Image credit: Ryan Ng/SportSG
Taolu competitions involve two different panels of judges, each focusing on a distinct aspect of the performance. The first panel comprises at least three judges, and all of them are in charge of grading the quality of the athletes’ movements. The second panel is responsible for grading the performance as a whole. There will also be a head judge who oversees both panels.
Each competitor or competing duo/team begins an event with 10 points, five of which are for the quality of the movements while the other are for the overall performance. This makes up the maximum value of the team’s routine. The judges will then deduct points according to errors or flaws in their execution and performance as a whole.
The first panel of judges will look out for inaccuracies in the competitors’ moves based on a set of criteria. These include balance, postures, stepping techniques, hand forms and movements, as well as lower limb techniques that include kicks and sweeps. 0.1 points will be taken for each error committed per movement. Two or more errors in one movement will result in a deduction of 0.2 to 0.5 points.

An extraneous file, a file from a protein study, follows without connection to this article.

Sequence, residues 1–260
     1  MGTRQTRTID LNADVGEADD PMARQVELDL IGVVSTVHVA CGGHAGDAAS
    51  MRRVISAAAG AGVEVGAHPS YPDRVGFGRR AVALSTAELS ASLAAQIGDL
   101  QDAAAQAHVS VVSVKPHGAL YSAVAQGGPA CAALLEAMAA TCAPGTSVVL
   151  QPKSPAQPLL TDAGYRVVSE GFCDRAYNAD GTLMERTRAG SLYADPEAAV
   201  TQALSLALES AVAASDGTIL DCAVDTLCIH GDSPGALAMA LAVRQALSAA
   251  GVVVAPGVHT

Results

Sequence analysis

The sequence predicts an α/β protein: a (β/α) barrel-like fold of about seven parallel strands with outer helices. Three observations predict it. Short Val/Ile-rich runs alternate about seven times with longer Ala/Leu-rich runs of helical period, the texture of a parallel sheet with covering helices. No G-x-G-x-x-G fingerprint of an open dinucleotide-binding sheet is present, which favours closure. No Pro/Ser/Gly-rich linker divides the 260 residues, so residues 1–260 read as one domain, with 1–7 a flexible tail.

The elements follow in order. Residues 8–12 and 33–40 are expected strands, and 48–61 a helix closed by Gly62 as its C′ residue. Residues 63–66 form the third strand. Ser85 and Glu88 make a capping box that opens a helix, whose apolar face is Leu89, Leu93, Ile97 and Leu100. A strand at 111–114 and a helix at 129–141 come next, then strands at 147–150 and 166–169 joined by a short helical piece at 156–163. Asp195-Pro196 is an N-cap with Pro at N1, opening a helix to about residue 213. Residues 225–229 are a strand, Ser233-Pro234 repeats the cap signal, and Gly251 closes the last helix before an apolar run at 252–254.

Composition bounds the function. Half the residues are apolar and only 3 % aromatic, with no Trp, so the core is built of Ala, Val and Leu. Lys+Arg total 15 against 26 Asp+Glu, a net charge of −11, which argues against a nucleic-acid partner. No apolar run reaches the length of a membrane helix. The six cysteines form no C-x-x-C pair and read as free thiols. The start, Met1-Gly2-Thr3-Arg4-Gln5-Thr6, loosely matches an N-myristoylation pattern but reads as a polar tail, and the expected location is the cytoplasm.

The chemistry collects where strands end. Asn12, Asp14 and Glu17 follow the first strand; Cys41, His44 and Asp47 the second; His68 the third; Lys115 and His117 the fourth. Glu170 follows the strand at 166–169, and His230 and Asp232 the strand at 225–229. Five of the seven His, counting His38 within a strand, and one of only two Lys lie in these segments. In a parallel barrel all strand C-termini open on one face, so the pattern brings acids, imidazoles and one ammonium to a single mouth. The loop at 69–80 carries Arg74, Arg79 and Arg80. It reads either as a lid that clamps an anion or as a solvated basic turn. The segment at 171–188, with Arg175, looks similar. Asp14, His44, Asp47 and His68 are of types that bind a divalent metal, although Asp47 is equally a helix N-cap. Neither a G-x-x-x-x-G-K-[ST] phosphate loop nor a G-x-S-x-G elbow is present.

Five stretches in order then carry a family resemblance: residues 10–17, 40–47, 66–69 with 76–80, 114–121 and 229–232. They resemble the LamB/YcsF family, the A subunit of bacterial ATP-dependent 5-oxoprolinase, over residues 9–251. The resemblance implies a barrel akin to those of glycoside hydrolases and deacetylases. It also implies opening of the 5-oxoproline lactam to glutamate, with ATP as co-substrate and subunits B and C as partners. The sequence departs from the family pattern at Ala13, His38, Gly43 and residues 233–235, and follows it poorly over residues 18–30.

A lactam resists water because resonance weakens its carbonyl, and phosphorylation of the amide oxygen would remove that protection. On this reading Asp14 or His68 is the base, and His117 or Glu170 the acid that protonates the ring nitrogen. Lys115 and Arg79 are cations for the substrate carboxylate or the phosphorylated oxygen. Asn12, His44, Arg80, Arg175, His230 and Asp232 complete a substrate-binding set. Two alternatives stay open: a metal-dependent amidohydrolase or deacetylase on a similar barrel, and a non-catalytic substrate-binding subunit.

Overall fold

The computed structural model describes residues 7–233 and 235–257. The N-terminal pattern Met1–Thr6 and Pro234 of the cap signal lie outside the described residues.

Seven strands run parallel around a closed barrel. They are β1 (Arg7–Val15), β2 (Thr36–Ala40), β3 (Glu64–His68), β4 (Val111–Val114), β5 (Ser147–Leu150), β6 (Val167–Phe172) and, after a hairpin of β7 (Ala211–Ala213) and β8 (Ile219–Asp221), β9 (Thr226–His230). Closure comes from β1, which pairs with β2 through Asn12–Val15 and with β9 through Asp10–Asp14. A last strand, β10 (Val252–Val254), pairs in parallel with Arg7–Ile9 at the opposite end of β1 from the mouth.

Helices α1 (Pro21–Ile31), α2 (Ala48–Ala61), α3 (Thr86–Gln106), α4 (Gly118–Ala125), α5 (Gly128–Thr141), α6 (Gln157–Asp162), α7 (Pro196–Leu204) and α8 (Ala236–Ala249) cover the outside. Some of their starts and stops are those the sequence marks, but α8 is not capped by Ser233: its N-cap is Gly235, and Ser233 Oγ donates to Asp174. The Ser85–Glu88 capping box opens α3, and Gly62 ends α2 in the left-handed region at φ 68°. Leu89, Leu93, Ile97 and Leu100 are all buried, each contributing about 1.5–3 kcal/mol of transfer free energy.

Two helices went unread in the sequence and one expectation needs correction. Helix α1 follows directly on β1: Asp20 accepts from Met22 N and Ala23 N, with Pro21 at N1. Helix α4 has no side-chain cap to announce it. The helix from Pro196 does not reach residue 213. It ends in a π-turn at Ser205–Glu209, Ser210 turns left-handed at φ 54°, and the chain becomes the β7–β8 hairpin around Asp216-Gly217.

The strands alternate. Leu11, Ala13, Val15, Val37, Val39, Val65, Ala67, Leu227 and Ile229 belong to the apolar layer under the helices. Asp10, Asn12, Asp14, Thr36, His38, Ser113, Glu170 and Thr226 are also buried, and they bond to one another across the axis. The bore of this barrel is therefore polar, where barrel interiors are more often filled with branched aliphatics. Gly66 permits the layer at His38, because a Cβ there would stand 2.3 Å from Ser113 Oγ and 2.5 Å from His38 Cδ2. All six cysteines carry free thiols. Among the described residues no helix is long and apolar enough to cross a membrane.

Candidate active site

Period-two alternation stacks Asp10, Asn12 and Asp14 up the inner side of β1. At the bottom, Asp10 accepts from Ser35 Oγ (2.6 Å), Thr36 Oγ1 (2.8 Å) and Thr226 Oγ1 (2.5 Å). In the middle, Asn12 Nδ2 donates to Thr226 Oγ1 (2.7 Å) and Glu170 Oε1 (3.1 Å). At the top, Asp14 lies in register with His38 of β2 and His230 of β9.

The second panel, on the other hand, deducts points based on the presentation of the entire routine. Criteria include rhythm of movement, accurate application of force, coordination, and adequate conformation to the style category that the contestant is competing in. 0.1 points will be deducted for one error committed within a movement, while up to a whole point may be docked from the total score if the entire performance as a whole is deemed to have failed to meet the standards.
Having finalised the total, the second panel of judges will then score the overall performance based on three established categories. A person or duo/group who has attained 1.01 to 2.90 points will be classified as “inferior”, while 3.50 to 2.91 points will be considered “average”. Anything from 3.51 all the way to the full five points will be graded as “superior”.
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